Ending a DMP – Can you end or pay off a DMP early?
DMPs are intended to be a flexible debt solution and so you may find that it is possible to end your DMP early by increasing the value of your monthly payments or by paying a lump sum. Your regular payment is worked out by looking at your essential costs and how much you can realistically afford to repay after these have been dealt with. It’s quite common for circumstances to change during the course of a DMP and you may find yourself with surplus funds that you could put towards paying off your debts within a shorter time.
You might also find yourself with extra money from a windfall or redundancy payment, and if this does happen the terms of your agreement will likely require you to notify your provider as soon as possible. They will look at your financial circumstances and make a recommendation which could be to approach your creditors with a partial settlement offer, pay the money into your DMP to spread evenly between your debts or even repay your creditors in full if possible.
What if you can’t afford your DMP?
If you find that you are unable to afford your DMP payments, acting quickly can help. Many debtors find that their first port of call is speaking to their provider and in some cases even seeking advice from a qualified financial advisor. It’s important to keep your creditors up-to-date with your circumstances and your DMP provider will help you to do this whilst looking at ways to make things more manageable.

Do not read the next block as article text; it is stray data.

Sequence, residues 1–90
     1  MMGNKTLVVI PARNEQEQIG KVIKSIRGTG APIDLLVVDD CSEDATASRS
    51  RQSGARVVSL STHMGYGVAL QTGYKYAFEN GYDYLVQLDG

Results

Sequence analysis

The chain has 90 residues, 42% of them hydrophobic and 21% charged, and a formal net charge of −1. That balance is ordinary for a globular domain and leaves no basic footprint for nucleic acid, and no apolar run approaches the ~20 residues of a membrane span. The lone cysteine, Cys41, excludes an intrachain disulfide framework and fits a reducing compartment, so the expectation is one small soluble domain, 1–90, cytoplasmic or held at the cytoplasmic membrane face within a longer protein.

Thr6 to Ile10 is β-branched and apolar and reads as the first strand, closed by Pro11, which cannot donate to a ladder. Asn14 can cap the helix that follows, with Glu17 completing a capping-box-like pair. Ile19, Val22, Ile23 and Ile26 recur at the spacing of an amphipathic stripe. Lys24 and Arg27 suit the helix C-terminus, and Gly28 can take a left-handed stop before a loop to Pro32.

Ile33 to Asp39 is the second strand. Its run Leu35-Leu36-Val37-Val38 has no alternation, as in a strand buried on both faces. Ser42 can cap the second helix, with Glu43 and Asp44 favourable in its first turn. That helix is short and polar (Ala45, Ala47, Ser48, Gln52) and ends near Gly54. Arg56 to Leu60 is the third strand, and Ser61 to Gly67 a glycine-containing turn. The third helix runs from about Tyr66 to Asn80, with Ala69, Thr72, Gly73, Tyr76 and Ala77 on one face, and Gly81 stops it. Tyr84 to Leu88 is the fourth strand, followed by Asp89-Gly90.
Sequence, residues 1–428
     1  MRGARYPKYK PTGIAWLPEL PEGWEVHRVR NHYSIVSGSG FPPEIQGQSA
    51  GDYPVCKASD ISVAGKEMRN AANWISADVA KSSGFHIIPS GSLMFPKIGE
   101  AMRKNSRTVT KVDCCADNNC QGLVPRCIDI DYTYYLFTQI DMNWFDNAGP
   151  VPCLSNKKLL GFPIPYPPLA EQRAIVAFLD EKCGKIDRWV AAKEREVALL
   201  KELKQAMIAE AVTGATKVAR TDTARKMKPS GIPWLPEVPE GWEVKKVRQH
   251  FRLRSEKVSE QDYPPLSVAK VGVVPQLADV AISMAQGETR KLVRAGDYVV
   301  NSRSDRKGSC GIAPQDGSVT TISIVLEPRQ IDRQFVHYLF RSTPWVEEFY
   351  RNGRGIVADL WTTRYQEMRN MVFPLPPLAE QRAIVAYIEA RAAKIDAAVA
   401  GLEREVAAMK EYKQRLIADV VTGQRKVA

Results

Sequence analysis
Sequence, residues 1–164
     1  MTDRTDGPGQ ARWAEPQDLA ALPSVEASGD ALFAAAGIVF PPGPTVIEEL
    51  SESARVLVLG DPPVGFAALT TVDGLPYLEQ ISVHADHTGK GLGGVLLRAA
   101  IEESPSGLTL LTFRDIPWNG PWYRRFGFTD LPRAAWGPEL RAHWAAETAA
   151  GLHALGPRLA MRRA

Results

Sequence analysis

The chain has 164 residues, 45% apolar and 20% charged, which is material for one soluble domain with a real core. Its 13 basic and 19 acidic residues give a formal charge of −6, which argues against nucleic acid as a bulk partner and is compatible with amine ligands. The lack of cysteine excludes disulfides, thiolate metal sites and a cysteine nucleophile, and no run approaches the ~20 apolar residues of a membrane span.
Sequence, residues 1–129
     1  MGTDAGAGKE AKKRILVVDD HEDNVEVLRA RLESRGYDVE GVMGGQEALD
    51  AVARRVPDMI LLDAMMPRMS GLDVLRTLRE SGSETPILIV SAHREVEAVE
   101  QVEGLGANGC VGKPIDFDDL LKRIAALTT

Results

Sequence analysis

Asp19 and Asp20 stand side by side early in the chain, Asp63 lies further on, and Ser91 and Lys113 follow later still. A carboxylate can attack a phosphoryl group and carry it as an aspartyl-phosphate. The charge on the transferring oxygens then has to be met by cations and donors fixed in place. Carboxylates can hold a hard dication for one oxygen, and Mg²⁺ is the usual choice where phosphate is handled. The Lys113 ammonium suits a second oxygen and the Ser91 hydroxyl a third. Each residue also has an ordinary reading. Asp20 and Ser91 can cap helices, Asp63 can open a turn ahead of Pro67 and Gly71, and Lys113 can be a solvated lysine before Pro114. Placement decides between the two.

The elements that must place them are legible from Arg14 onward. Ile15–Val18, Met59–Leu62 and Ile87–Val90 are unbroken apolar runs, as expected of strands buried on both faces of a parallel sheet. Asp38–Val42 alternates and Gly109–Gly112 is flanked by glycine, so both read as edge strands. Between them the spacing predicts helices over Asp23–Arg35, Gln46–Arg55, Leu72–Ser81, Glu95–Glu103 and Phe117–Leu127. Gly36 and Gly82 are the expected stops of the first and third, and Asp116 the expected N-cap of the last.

DMP Failure – How can a DMP fail?
Despite DMPs being considered flexible debt solutions, some circumstances can cause them to fail. In many situations, letting your DMP provider know of any issues or changes to your circumstances can help to prevent failure.
Signs that your plan may not be working include that you’re struggling to make your DMP payments, failing to keep up with priority debts such as a mortgage, or going without essentials such as food or sanitary products to make your DMP payment. DMP failure can happen for lots of reasons, but often it can come down to setting a budget that simply doesn’t work for you or missing payments and letting the debt get on top of you.
Frequently Asked Questions
As a flexible and informal debt solution, DMPs work in different ways for different people and it makes sense that lots of questions surrounding how they work. We’ve answered some of the most common questions below, but for more information, read our Debt Management Plan FAQ.
Are debt management plans a good idea?
As with any debt solution, whether a debt management plan is a good idea for you will depend on your own circumstances. All major financial decisions, especially those concerning debt, should be taken from a fully informed position after receiving qualified advice and choosing to enter a DMP is no different.
How long do debt management plans last?
There is no set period for which a debt management plan lasts, and as a flexible debt solution, the length of a plan will vary dependent on your circumstances. How long your plan will run for will be calculated based on the amount you owe and how much you can afford to regularly repay, but it could last for as long as 10 to 15 years.